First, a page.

The Pendulum Method
It is a timing-based technique that allows for the measurement of the allocated time for each task. Originally used to quantify the average time required for the execution of relatively repetitive tasks in administrative services, this method involves having an experienced person perform these tasks at a normal pace. The time for each task is then recorded, and by dividing the total elapsed time by the number of tasks, the average execution time per task is obtained.
When applied to personal time management, the Pendulum Method can be adapted by using an activity tracking sheet. As the name suggests, this tool helps you monitor the time spent on various activities. It is a simple and fairly easy-to-use tool with the primary goal of assisting you in timing how long it takes to complete an activity.
In a second step, its usefulness lies in your ability to critically assess the relevance of the timed duration. In other words, is it too long or not long enough for the activity in question? To create your activity tracking sheet, simply take a blank sheet of paper and create five columns:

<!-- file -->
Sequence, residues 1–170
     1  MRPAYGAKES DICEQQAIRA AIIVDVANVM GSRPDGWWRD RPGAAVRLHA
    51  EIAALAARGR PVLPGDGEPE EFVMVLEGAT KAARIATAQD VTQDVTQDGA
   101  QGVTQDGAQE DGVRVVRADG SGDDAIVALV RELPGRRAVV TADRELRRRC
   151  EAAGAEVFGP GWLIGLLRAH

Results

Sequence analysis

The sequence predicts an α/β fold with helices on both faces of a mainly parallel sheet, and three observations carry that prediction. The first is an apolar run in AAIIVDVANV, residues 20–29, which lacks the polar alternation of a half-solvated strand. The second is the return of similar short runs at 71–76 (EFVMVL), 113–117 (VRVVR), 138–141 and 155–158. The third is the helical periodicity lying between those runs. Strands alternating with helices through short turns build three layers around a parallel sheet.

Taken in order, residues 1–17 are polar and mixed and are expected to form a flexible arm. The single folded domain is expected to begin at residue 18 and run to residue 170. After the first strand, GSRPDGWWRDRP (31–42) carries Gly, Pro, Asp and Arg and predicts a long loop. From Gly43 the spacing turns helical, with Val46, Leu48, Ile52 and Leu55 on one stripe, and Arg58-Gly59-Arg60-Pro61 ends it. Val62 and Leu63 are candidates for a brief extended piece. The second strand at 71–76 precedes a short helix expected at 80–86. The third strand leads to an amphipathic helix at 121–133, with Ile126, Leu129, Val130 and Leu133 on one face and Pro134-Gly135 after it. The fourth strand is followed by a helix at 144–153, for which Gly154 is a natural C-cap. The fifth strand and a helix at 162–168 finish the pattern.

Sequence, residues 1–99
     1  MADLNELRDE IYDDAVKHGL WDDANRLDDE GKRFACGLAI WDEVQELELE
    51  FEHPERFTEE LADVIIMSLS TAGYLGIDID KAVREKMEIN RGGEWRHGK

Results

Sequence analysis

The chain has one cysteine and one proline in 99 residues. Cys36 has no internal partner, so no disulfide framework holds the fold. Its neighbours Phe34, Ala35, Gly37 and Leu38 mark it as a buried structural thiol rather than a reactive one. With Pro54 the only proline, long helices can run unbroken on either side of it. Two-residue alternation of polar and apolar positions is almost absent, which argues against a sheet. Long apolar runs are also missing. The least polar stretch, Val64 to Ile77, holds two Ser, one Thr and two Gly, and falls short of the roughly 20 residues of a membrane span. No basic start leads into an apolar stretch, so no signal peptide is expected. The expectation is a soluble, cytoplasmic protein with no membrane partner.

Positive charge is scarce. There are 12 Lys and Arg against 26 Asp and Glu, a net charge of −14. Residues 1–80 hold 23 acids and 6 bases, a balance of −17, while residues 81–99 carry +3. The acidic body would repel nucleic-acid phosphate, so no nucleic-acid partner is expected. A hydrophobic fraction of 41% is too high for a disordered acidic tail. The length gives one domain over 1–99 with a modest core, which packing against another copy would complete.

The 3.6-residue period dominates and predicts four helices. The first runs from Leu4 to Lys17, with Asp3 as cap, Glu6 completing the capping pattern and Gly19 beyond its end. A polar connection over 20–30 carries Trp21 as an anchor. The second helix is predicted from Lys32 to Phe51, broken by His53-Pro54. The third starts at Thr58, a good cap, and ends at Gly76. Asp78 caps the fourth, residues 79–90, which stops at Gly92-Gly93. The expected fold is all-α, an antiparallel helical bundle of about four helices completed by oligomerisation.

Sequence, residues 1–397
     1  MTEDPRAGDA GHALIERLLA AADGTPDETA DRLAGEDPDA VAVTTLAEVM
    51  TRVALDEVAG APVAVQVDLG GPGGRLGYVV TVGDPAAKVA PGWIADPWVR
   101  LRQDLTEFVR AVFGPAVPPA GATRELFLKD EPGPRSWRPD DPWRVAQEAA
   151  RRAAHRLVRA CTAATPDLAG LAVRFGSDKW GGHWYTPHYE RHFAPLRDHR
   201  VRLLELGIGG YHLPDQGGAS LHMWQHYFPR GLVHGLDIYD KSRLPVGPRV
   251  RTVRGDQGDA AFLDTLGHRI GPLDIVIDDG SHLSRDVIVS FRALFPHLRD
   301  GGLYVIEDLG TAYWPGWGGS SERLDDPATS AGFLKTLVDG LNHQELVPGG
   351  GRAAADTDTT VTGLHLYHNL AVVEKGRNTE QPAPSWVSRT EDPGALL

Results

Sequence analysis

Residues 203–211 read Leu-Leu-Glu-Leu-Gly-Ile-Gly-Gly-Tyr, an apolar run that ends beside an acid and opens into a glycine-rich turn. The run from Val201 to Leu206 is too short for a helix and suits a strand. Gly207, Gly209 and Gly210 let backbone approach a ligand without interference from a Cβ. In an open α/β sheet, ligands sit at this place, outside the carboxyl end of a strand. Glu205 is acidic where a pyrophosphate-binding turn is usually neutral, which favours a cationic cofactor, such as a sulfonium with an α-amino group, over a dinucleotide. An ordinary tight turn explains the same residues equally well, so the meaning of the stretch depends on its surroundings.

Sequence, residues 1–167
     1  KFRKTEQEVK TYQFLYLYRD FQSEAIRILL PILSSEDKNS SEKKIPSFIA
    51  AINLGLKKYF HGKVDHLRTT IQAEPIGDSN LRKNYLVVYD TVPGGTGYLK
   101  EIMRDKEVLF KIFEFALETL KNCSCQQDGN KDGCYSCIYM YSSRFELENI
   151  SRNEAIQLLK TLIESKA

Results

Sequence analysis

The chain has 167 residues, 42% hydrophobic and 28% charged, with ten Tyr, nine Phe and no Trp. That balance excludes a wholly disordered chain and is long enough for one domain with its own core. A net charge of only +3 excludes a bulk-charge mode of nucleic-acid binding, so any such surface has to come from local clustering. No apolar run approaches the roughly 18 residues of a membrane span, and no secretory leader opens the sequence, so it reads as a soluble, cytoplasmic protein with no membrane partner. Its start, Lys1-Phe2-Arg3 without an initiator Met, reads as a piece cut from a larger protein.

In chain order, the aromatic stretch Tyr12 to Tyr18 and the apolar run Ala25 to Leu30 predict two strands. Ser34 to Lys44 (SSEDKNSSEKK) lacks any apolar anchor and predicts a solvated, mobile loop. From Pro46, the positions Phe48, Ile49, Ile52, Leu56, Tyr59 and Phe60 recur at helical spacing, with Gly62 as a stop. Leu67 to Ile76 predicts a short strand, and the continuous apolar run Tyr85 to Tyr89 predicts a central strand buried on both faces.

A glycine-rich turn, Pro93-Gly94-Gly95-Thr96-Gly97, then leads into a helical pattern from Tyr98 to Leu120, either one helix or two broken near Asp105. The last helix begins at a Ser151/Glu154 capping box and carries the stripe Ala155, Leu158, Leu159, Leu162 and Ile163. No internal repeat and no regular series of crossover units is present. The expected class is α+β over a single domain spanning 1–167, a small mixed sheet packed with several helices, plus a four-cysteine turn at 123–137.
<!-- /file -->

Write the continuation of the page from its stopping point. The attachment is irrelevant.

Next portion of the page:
- A column for start time: note the time you start the activity
- A column for the activity: describe the action you are performing
- A column for end time: note the time you finish the activity
- A column for duration: note the time it took to complete the activity. This is simply the difference between the end time and the start time of the activity.
- A column for comments: note any conditions related to the execution of this activity. These conditions may affect the speed of task execution.
I recommend doing this exercise every day for a week across all your activities. Why a week? Simply because you will have data to compare activity by activity over several days, and it will also be easier to perform your self-analysis.
Indeed, this comparison of times will allow you to identify productive and unproductive times. In other words, you will realize that at certain times, you were able to complete the activity quickly, and at other times, less so. It will then be up to you, considering the identified differences and the conditions in which the activity was executed, to establish what the optimal duration is for carrying out the said activity. This duration will then become your reference when planning similar activities in the future.
This text is an extract from the book “5 steps to (re)take control of your TIME and your life” written by Henri M. Missola